WOLLONGONG Devils are preparing for their greatest test of endurance this week, under strict COVID-19 conditions at the State Cup.
The new rules to bring NSW's best touch players together mean teams will have to play two or three games back-to-back during the preliminary stages.
There are fewer entries this year, with almost 200 from 17 associations, but Wollongong are sending a record six teams to Port Macquarie, including two women's open squads for the first time ever.
"Our goal is to make finals," Wollongong representative Emily Burke said.
"And hopefully make the grand final and win it.
"This year is quite raw, we've got some girls brought up from the 16s and 18s, who have played juniors for the Devils.
"We've got two opens teams for the first time every apparently, so that's awesome, we've been able to train together and against each other for every single session."
Both women's teams will play in the B division, while Wollongong will also play in the men's A and B competitions, as well as the mixed under 20s and 30s age divisions.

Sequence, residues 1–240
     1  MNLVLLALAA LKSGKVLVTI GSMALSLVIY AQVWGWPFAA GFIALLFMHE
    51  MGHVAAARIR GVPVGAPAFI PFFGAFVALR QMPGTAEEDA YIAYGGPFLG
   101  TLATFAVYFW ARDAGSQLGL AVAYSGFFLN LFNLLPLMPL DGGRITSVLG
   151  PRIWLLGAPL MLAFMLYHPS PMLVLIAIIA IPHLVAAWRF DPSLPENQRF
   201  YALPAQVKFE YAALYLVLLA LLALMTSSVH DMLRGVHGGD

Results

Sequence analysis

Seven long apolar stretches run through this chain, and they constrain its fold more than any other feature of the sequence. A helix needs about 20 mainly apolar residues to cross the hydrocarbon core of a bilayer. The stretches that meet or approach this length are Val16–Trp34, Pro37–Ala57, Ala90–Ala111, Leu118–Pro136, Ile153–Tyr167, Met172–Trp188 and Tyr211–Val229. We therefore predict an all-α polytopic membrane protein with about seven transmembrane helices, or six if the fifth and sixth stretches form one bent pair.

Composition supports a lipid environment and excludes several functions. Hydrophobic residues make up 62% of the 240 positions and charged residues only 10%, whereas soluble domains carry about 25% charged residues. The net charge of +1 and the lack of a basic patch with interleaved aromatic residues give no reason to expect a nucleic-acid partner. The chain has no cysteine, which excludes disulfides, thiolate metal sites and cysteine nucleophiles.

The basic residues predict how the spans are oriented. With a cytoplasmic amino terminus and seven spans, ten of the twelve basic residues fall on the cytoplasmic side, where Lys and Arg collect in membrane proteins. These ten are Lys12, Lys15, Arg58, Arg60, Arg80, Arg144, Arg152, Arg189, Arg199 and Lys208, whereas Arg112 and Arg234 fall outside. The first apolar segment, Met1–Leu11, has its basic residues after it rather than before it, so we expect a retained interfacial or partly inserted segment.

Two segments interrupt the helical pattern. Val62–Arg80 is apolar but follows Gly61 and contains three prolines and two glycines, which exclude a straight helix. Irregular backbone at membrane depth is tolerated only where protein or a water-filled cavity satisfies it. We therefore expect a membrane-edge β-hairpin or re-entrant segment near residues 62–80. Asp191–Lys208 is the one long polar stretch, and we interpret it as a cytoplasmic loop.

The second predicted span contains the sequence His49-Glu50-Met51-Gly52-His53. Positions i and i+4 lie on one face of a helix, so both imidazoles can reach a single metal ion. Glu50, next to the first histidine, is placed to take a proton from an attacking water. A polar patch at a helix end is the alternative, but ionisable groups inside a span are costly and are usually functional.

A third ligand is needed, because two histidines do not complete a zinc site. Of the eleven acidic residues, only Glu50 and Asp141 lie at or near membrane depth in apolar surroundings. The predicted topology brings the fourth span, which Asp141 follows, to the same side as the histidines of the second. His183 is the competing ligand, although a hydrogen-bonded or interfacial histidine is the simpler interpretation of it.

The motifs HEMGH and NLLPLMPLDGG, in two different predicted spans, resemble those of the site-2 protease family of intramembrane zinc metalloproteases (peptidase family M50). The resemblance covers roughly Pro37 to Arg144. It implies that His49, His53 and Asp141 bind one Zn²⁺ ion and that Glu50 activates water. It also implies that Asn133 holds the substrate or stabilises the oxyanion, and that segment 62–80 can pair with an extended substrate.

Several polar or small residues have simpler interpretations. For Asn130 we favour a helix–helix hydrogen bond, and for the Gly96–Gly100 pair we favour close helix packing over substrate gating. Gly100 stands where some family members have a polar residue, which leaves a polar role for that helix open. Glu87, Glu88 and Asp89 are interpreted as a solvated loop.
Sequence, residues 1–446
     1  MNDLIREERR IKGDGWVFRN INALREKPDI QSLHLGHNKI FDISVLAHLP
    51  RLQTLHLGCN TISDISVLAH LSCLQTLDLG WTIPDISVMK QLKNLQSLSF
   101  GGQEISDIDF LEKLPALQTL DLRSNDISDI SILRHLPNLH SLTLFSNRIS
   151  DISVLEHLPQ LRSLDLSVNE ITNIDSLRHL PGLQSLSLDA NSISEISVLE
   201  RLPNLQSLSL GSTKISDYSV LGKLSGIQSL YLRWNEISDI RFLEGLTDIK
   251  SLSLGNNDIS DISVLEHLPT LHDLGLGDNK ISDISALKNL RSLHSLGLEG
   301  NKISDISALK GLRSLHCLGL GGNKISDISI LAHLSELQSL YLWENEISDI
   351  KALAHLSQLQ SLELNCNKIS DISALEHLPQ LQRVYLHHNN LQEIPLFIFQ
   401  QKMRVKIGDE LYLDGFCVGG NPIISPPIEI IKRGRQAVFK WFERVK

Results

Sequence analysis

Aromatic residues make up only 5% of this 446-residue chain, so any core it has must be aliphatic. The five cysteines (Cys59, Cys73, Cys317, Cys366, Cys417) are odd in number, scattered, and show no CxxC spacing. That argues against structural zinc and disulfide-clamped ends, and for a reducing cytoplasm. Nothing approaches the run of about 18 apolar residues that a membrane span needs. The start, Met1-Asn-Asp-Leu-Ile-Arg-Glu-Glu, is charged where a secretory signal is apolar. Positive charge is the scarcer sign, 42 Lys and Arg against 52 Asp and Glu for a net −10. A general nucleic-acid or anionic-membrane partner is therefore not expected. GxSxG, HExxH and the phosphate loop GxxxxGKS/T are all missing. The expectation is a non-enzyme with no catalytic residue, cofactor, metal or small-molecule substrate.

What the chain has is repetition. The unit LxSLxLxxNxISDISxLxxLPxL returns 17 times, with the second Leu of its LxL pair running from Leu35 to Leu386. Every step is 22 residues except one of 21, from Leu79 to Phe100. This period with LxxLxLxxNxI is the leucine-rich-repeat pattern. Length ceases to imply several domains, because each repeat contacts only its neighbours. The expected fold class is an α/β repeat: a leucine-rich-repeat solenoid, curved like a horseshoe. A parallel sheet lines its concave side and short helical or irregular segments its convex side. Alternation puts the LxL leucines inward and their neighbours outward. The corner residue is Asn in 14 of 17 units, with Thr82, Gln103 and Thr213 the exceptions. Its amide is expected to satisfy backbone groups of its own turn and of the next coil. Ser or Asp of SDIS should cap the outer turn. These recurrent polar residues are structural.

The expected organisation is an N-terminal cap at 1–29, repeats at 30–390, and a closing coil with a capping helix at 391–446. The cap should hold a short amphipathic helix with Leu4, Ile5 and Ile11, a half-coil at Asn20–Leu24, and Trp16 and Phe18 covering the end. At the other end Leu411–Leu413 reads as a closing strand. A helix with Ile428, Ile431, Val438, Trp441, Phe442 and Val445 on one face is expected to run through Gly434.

The men's top grade team will feature Australian representatives Matt Tope and Terry Deegan, while the B team contains Milton-Ulladulla quartet Jed Frank, Travis Wooden, Aiden Costa and Lochie Wall.
Vincentia's Terri Milani, Batemans Bay's Sharmay Brailey and Gerringong's Mackenzie Ford headline the women's open side, with Gerringong sextet Taj Ford, Hamish Stewart, Kynan Ward, Ashton Ward, Wes Pring and Dylan Egan in the men's under 20s side.
Finally, Nowra's Sam Watts, Berry's Ruby Nicholson, Ulladulla's Ben McClennan and Vincentia's Kate Milani, who all played for the Devils at October's country championships, are in the mixed over 30s side.
Wollongong Touch Association president Steven Sopher admits the survival of the fittest could determine this year's State Cup champions, with teams to enter and leave restricted areas and play multiple games during the round robin draw.
"There's a lot of COVID restrictions, we'll playing two or three games in a row," he said.
"So you can imagine a lot of fatigue and sore muscles, definitely.
"I think all the teams are in with a chance."
NSW Touch general manager Dean Russell said there was little alternative but to commit to the demanding schedule.
"It's not going to be normal and it's sad we can't have spectators, but what's the alternative? We don't play," he said.